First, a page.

I was briefly thinking that pact-bound Summoners might be directed by their elemental Prince to reign in anyone using their summoned elementals to disrupt mortal society too much, but it's hard to imagine why the Princes would care in the first place, and I'm not a big fan of "Powerful GM NPC says no". I want PC Summoners to have the option of upsetting the status quo but there has to be a reason why the status quo has been preserved for so long.

Some special material that negates elemental attacks that is kept highly secret

I'm not a big fan of the Kryptonite trope because then you just have the JLA Mobile Kryptonite Disposal Squad problem. As I mentioned above, the power spectrum in Fate is much narrower so this probably isn't as much of a problem as I'm assuming.
 

daniel_ream

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What does enslave mean here?

In the books, a wizard can enter a kind of feudal pact with a spirit - the spirit gains some of the wizard's power, becoming stronger in exchange for voluntary servitude. A wizard can also just bludgeon a spirit into submission with pure force of will; this drives the spirit insane but the wizard gets absolute suicidal obedience.

I'm dithering over how much sapience I want elementals in a Storm Summoners setting to have. I kind of like the idea of every elemental from a Wisp up to an Attendant having a personality, if not necessarily much intelligence. One of the things I find appealing about the Monpress books is the notion that wizardly power is largely based on social skills and building relationships (the protagonist, Eli Monpress, is a charming wizard-thief and con man; he pulls off heists by constantly flattering and bamboozling people and spirits into doing what he wants. The Javert to his Valjean is a stiff-necked hunter from the Spirit Court who constantly vents that while she went through all the formal training and has elaborate pacts with all of her bound spirits as is right and proper, Eli gets the spirits to do things for him just by asking them nicely and that is deeply unfair).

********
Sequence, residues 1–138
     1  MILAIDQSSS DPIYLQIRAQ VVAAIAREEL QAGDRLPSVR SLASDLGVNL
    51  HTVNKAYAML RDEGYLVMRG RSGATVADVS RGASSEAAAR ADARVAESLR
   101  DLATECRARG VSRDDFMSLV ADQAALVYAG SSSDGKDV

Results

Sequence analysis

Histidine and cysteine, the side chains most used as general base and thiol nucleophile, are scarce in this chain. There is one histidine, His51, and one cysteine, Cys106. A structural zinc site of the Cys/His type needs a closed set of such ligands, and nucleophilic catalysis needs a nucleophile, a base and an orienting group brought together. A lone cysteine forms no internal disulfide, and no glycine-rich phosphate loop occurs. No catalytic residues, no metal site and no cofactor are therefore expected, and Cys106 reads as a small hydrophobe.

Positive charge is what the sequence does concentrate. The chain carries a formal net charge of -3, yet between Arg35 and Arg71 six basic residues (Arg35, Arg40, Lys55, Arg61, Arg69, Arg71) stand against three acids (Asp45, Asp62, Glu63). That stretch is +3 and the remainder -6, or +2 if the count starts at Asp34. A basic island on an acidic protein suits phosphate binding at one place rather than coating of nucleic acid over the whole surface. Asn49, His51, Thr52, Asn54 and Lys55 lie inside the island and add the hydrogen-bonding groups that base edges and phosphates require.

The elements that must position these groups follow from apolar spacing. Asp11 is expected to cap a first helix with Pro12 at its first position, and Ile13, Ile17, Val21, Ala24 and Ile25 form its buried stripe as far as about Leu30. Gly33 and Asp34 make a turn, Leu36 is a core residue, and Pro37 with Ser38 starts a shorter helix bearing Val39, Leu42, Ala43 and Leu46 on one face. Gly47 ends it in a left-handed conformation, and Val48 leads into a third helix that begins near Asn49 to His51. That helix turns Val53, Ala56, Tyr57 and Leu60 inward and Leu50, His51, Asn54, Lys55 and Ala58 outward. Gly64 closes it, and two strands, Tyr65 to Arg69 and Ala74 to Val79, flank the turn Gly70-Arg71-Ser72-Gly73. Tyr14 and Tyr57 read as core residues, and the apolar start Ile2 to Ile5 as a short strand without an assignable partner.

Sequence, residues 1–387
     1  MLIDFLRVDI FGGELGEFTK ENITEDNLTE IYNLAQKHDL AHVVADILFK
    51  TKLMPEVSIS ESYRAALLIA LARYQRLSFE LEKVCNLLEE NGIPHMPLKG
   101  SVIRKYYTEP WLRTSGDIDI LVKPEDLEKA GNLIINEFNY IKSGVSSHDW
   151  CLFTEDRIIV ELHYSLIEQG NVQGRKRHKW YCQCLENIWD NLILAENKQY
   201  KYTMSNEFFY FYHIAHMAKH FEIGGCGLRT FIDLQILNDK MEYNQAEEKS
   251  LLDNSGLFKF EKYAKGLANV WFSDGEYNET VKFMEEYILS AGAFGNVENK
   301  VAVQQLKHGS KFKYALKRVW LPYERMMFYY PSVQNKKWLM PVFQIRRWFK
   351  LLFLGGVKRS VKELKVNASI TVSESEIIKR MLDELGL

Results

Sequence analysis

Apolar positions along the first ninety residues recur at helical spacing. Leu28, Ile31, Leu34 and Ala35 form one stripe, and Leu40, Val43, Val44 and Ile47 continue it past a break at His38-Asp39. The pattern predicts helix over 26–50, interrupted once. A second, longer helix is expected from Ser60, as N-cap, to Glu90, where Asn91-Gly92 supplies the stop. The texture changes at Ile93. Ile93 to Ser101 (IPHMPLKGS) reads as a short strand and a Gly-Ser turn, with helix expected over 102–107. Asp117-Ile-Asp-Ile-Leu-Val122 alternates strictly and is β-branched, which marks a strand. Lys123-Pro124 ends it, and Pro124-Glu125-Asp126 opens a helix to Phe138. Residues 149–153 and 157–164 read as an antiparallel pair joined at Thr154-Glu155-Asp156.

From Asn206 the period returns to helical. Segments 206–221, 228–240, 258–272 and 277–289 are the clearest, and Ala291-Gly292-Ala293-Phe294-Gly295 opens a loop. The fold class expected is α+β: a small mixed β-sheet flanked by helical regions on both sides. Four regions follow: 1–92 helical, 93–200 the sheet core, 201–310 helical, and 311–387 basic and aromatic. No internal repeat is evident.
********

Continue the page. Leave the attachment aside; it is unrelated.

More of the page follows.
By default Wisps and Drudges are dumb and simple-minded, Servitors are smart and Attendants are "intelligent and able". A pact-bound Summoner can summon a very powerful named elemental, which kind of implies the lower tiers have neither names nor personalities.
 

robiswrong

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I'm not a big fan of the Kryptonite trope because then you just have the JLA Mobile Kryptonite Disposal Squad problem. As I mentioned above, the power spectrum in Fate is much narrower so this probably isn't as much of a problem as I'm assuming.
The power spectrum of Fate is whatever you want it to be. While +4 is the top skill rating for a PC by default, there is absolutely nothing holding NPCs to that.

And skill ratings in Fate are relative. If the PCs are really that much more powerful, its' easy enough to either say that most normal humans are 0 at max or even negative numbers, or to use something like the scale rules from Dresden Accelerated - as a short version, each level of "scale" basically grants an equivalent of a +2 on every roll. So if you want Summoners to be basically demigods? Grant them a few levels of scale and they'll basically be that.